Tuesday, December 28, 2010

It's Not Easy Being Green

I have heard from more than a few of you, dear readers, that I might have gone a little over-the-edge in blogging about my wonderfully green dry cleaner. I get it. My rhapsodizing wasn’t even remotely related to food and I may have gone a bit overboard. Mea culpa; I hear you.

Perhaps it is because I am a novice small business owner…or the fact that I am, by training, a clinical social worker, as well as an unapologetic former hippie, and only marginally rehabilitated “bleeding heart liberal”, to which my much loved brother—the big mucky muck on Wall Street--- will attest. But I really am interested in doing anything I can to promote the healing and future wellness of our planet. I recycle and re-use religiously, donate to environmentally friendly causes and vote accordingly; I’ve watched “An Inconvenient Truth” more than once, and I just bought a second hybrid vehicle to get around our labyrinth of freeways in Los Angeles for cryin’ out loud. I make no claims to be Laurie David, but I think I’ve earned some credibility on the eco-friendly score.

My food business, No Reservations, is a modest one. I am happy to say it is successful in the sense that it is a fulfilling endeavor for me and, I believe a convenient (and hopefully tasty) resource for my clients. Since its inception, I’ve wanted to be as “green” a business as possible. At great length, I’ve researched resources for affordable recycled and recyclable packaging, use organic and local produce whenever available, and advertise strictly by word of mouth or internet.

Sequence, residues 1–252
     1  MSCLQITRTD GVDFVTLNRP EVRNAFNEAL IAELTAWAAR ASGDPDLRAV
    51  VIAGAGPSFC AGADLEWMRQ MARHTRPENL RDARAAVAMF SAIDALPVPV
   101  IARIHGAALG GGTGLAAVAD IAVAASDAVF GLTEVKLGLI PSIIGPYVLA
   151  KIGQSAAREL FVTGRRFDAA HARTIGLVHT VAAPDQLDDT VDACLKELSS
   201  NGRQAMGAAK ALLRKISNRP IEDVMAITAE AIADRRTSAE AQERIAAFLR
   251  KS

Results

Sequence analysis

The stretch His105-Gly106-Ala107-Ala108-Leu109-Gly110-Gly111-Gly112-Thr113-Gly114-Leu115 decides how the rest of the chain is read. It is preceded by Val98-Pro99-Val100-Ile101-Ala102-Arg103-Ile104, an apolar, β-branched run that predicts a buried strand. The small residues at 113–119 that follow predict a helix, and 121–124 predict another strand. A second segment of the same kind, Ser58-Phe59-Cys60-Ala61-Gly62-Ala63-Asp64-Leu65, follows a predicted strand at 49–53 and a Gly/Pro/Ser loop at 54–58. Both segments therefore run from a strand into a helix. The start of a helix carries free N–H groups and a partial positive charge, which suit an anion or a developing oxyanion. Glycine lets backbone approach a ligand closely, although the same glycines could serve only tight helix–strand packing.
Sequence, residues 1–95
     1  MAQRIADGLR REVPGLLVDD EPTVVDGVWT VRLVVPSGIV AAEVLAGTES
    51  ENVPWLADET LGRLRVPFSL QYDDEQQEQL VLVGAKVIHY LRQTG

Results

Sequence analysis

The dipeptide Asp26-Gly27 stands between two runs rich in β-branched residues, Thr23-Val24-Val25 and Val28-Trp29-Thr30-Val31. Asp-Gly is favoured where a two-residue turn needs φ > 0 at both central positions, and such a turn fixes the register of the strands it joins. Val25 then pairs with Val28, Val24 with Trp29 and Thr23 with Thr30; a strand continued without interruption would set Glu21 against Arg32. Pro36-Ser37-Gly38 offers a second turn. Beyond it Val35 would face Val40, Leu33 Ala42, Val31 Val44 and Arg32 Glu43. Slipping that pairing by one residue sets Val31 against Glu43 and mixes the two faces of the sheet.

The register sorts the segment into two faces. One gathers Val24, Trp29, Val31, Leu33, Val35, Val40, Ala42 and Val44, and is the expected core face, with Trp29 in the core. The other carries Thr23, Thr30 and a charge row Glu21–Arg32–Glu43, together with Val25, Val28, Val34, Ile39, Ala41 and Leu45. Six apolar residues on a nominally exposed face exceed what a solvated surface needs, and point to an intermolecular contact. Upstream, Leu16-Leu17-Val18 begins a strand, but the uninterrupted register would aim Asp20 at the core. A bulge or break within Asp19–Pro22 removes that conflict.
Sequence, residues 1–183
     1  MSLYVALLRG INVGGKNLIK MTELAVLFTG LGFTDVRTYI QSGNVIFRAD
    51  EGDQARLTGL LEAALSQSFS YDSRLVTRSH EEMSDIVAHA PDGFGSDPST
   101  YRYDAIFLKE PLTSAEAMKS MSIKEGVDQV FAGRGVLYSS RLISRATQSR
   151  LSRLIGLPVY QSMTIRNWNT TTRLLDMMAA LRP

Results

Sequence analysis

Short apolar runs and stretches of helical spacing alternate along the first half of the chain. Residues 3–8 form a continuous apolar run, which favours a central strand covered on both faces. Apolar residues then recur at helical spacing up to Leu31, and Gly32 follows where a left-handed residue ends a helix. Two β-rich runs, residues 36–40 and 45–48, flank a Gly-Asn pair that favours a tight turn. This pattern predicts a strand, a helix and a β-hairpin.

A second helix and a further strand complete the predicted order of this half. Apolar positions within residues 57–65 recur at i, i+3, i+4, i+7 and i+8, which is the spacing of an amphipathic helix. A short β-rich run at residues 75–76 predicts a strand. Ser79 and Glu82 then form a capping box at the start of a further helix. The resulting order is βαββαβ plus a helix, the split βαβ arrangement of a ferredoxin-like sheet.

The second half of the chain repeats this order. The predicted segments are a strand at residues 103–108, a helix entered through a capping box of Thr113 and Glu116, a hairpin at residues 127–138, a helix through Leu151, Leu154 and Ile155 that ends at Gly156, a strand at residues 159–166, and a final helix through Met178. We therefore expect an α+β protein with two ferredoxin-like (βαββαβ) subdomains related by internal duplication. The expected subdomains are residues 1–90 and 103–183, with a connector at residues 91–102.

It is with this in mind, I want to tell you about Nicolas Jammet, Co-founder of Sweetgreen, an eco-friendly salad and frozen yogurt chain in the D.C. area. (sweetgreen.com) Nicolas is the son of the owners of the famed La Caravelle restaurant in New York City, which closed in 2004. I was impressed with his and his partners’ concept in running such an establishment, but even more so by their business practice he calls “random acts of sweetness”. (Okay, it’s a tad precious, but it speaks to me and I want to “play it forward”.)

Here is one example Nicolas gave of the ways in which Sweetgreen helps promote kindness and healing in the communities which they serve: “On rainy days we cover someone’s bike seat with a plastic cover that says ‘You biked to work today, thanks, we have you covered.” I mean, COME ON, we can all get on board with this way of thinking and operating, can’t we? Have you heard or read about similar efforts by business owners? I’d love to hear about it and perhaps utilize them myself.